Every day, my kids and I touch the soil in our backyard garden, and we experience nature in a variety of ways. As long as they show a large appreciation for nature, I feel the kids are balanced.
Now, I am considering using digital media to put them to work...?
A digital game is designed for adult gamers, as a To Do List with benefits, http://www.epicwinapp.com/. Epic Win can keep a gaming junkie from loosing touch with reality. I see the digitized brain of my 6 year old as a gamer-in-the-making. So, would this game bridge media with reality for my kids as well as adults? I envision kids using this game: performing chores, earning money (as allowance) and buying their own toys. Am I playing with fire by giving the media's influence an inch more? Am I teaching my kids how to adapt, or am I losing them to our media driven society?
Do you think utilizing digital games to motivate kids will tip balanced scales?
Locally, parents are investigating media's influence upon kids and media's intentions. This event, listed below, appears to be a great way to find out more.
CVUUF Community Forum
Saturday, September 11th, 2010 7:30pm
Consuming Kids throws desperately needed light on the practices of a relentless multi-billion dollar marketing machine that now sells kids and their parents everything from junk food and violent video games to bogus educational products and the family car. Drawing on the insights of health care professionals, children's advocates, and industry insiders, the film focuses on the explosive growth of child marketing in the wake of deregulation, showing how youth marketers have used the latest advances in psychology, anthropology, and neuroscience to transform American children into one of the most powerful and profitable consumer demographics in the world. Consuming Kids pushes back against the wholesale commercialization of childhood, raising urgent questions about the ethics of children's marketing and its impact on the health and well-being of kids.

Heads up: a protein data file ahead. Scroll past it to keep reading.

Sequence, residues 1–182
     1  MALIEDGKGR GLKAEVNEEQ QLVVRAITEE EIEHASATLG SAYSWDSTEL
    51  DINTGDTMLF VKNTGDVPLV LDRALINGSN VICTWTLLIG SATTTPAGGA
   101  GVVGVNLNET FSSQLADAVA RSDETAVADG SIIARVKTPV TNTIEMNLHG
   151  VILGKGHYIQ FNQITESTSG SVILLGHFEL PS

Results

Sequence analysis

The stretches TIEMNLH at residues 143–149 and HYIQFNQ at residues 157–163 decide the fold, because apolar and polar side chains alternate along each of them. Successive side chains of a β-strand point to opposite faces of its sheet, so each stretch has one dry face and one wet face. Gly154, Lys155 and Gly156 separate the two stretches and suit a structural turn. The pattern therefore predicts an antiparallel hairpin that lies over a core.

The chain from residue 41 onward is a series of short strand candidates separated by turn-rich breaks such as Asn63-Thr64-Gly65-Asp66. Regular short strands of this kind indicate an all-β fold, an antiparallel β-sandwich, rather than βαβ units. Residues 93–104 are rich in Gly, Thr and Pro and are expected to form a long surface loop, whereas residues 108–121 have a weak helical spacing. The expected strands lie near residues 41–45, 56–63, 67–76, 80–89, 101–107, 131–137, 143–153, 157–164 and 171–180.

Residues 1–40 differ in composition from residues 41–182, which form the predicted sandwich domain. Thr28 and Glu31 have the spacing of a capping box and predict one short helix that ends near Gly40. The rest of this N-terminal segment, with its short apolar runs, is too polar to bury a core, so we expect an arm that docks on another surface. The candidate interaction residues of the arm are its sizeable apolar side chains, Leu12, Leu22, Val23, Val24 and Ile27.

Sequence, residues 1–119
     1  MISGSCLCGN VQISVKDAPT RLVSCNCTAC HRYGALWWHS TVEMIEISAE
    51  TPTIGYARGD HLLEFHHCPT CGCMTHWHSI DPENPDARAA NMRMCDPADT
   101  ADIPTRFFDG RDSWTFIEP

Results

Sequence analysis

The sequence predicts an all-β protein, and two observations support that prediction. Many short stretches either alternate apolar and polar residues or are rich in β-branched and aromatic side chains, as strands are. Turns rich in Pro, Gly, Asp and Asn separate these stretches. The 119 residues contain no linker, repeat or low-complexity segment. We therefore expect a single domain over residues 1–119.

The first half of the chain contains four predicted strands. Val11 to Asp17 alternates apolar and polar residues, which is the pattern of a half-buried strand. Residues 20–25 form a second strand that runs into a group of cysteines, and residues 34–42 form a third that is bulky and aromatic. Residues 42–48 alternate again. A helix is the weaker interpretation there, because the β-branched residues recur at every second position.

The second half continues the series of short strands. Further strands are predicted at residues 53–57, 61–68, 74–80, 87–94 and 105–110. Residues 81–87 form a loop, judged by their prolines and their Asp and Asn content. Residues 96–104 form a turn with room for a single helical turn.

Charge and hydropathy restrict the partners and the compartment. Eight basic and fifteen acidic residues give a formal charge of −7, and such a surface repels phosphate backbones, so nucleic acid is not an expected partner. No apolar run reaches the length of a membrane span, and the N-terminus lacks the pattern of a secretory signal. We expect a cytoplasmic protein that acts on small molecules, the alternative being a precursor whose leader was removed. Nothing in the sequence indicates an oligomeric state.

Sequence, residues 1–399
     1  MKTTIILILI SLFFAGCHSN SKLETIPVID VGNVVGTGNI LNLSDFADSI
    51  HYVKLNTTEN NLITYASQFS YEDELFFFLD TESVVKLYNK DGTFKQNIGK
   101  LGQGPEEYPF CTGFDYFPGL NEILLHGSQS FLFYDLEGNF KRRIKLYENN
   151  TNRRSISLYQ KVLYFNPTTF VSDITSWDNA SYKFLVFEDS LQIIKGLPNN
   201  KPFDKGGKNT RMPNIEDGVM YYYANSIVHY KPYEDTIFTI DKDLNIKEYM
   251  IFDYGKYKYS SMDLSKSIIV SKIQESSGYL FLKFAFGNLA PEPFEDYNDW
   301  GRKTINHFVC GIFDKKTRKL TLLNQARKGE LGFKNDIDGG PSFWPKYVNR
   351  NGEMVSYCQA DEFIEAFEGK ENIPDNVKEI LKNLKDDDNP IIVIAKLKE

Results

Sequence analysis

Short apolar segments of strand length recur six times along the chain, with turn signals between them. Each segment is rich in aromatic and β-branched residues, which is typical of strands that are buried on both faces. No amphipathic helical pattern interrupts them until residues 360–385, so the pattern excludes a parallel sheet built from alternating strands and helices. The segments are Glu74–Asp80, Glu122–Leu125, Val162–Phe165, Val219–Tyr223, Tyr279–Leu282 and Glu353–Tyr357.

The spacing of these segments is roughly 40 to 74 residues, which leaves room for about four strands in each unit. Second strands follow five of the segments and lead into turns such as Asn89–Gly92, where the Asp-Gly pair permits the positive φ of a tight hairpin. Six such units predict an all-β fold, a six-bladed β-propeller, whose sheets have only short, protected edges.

Movie program will be held at: Conejo Valley Unitarian Universalist Fellowship, 3327 Old Conejo Road, Newbury Park
FREE (Donations gratefully accepted)